Launched in 2020, WellVine uses Chardonnay byproduct (consisting of seeds, stems, and skins obtained after pressing fruit) to develop new ingredients for health and wellness under the masthead of parent company Sonomaceuticals.
Sonomaceuticals was founded in 2009 by prominent figures in the U.S. wine industry, Barbara Banke and Peggy Furth, as they initially sought to find a purpose for the surplus fruit from wine production at their wine estate Sonoma County, in California.
But what was originally envisioned as a culinary addition to the winery took an unexpected turn when safety testing revealed the health-enhancing properties of Chardonnay grapes.
And the business partners realised that there was an opportunity in the supplement space.
Scott Forsberg, chief operating officer at WholeVine Products explains that early research conducted with the USDA Agricultural Research Service (ARS), the University of Tennessee, Iowa State University, and the University of California, Davis (UC Davis) revealed that chardonnay consistently came top in all kinds of tests, including measures of gut health.
In 2019, the company began to delve into studying oligosaccharides, a source of prebiotic fibre, and by 2020-2021, Dr. Daniella Barilla, a key researcher from UC Davis, uncovered Chardonnay oligosaccharides’s unique profile diversity.
Forsberg explains: “When she first started working with our material, it came as a surprise to everyone, but she said there were a lot of oligosaccharides in there that were quite similar to those found in mother's milk.
“And more importantly, mother's milk, widely regarded as one of the best sources of oligosaccharides there is, has somewhere in the neighbourhood of maybe eight different building blocks of oligosaccharides, where Chardonnay was found to have 11.
“It actually has a more diverse oligosaccharide profile than even mother's milk itself.”
Forsberg explains that while there are a lot of companies working with other materials, according to this research conducted by Dr. Barilla, Sonomaceuticals has “the most diverse oligosaccharide source that she's found in in the plant kingdom”.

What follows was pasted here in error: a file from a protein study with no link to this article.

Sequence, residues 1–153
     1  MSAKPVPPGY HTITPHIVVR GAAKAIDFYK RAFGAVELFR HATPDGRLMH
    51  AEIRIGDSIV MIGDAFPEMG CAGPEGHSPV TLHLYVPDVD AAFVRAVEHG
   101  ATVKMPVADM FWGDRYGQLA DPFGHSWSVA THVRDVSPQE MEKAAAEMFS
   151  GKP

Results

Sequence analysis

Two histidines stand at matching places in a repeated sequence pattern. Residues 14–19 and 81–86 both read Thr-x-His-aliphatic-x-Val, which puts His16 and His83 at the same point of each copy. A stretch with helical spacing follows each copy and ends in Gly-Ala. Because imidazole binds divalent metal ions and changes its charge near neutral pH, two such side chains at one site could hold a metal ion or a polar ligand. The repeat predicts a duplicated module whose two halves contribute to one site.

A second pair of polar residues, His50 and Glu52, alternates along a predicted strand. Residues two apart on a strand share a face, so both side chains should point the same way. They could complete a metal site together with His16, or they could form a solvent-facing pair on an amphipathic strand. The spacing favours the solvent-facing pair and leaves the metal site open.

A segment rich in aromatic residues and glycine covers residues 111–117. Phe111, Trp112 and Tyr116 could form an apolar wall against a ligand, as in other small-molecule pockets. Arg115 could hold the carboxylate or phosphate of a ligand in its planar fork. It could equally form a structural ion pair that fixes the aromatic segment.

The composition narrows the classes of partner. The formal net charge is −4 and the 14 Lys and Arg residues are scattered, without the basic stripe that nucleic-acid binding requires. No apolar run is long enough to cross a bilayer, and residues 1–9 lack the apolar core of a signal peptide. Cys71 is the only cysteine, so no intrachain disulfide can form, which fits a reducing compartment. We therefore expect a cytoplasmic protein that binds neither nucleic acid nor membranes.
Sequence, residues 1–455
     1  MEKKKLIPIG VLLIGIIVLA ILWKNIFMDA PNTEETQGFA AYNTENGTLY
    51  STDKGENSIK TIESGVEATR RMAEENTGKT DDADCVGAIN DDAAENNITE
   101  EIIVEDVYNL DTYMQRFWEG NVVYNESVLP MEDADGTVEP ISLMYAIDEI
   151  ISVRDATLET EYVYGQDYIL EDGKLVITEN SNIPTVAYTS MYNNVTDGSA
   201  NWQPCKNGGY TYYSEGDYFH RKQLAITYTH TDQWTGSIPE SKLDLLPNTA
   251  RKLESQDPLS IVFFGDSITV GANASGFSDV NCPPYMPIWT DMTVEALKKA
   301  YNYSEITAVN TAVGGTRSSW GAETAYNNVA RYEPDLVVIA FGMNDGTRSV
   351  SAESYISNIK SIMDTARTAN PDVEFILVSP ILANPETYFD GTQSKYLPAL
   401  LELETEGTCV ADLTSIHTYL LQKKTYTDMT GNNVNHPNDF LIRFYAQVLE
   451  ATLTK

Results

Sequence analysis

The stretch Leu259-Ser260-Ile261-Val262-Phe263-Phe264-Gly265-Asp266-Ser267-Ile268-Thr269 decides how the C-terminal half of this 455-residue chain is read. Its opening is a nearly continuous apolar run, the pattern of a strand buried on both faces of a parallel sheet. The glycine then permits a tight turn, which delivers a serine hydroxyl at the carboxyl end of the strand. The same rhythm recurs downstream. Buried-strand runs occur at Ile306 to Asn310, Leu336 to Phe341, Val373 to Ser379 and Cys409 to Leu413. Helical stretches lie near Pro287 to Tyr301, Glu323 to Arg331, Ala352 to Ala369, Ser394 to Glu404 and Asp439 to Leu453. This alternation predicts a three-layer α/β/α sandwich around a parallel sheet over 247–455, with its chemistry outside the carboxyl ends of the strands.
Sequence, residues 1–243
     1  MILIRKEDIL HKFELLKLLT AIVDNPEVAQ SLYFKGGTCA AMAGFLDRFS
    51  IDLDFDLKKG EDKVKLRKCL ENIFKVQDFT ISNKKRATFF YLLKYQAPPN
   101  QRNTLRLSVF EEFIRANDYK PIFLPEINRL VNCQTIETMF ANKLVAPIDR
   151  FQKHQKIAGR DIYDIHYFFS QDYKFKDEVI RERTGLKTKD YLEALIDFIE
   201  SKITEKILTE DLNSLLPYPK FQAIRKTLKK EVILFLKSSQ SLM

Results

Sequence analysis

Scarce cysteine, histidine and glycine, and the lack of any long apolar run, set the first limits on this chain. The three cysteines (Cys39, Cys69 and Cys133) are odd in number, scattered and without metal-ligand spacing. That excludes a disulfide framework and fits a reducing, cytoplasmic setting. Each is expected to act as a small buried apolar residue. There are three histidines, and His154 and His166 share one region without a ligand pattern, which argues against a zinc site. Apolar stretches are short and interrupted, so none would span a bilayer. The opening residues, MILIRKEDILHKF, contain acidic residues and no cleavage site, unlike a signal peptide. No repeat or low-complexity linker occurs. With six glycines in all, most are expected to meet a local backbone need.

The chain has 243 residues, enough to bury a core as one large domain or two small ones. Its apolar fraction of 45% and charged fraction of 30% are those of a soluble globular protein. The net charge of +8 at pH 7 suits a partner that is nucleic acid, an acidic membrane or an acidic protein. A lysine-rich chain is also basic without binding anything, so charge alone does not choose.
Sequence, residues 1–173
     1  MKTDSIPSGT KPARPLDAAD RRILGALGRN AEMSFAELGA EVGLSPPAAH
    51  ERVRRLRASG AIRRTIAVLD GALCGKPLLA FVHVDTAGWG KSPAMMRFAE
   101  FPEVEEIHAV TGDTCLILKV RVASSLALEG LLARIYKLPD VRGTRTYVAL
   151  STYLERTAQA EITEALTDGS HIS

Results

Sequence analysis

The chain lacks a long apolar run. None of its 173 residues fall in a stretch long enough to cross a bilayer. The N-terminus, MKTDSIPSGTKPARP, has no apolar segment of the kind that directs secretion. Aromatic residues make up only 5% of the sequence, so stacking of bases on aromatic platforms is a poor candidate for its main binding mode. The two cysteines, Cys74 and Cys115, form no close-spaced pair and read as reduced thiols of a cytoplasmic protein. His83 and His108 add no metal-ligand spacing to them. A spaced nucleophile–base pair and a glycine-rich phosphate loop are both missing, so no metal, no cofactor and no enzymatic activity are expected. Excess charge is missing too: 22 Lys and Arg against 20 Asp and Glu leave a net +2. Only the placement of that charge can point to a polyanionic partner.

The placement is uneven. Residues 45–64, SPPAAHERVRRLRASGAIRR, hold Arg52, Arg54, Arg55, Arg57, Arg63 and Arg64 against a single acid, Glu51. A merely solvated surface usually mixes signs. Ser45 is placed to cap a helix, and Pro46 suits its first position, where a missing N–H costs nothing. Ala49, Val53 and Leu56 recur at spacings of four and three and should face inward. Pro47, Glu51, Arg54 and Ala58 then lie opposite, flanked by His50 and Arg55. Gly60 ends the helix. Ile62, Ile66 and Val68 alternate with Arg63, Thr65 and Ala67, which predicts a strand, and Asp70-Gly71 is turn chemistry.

The company has developed a proprietary process to dry and mill the grape marc into a “superfood” packed with beneficial nutrients, antioxidants, fibre, and natural sweetness, Forsberg explains.
As well as oligosaccharides, the marc is high in polyphenols, flavanols, and catechins including epicatechins and proanthocyanidins.
As Forsberg explains: “Sonomaceuticals has demonstrated the viability of this new model by launching a line of branded chocolate products named Vine to Bar.
“This product incorporates WellVine Coastal Chardonnay Marc to deliver superior consumer sensory performance, environmental sustainability benefits derived from upcycling, and consumer health benefits derived from the increased amounts of gut-healthy fibre and cardiovascular-healthy flavanols uniquely enabled by the inclusion of this ingredient.”
Trends and differentiation
Interest in upcylced products in the industry is certainly gaining more attention, Forsberg explains, but he notes that not all companies out there are utilising byproducts as they could.
“We're seeing significantly increased interest in utilising waste streams, that commonly include a lot of fibre.
“When you're processing foods for other uses, fibre is often excluded, particularly if you're doing any kind of juicing, and that means that there are a lot of materials, not just Chardonnay, that exist out there, which are rich in substrates for the development of these kinds of products.
“But there are a couple of things I think that makes us unique: We use everything that comes out of the wine press that's edible.
“So obviously we clean it up a little bit, but we utilise everything and so we don't create another waste stream.”
He explains that while other companies are working on similar products, they take the fibre, often treat it enzymatically, or use other further processing techniques, which continues to create other waste streams because they're only utilising part of the biomass.
Sonomaceuticals, on the other hand, use 100% of the biomass.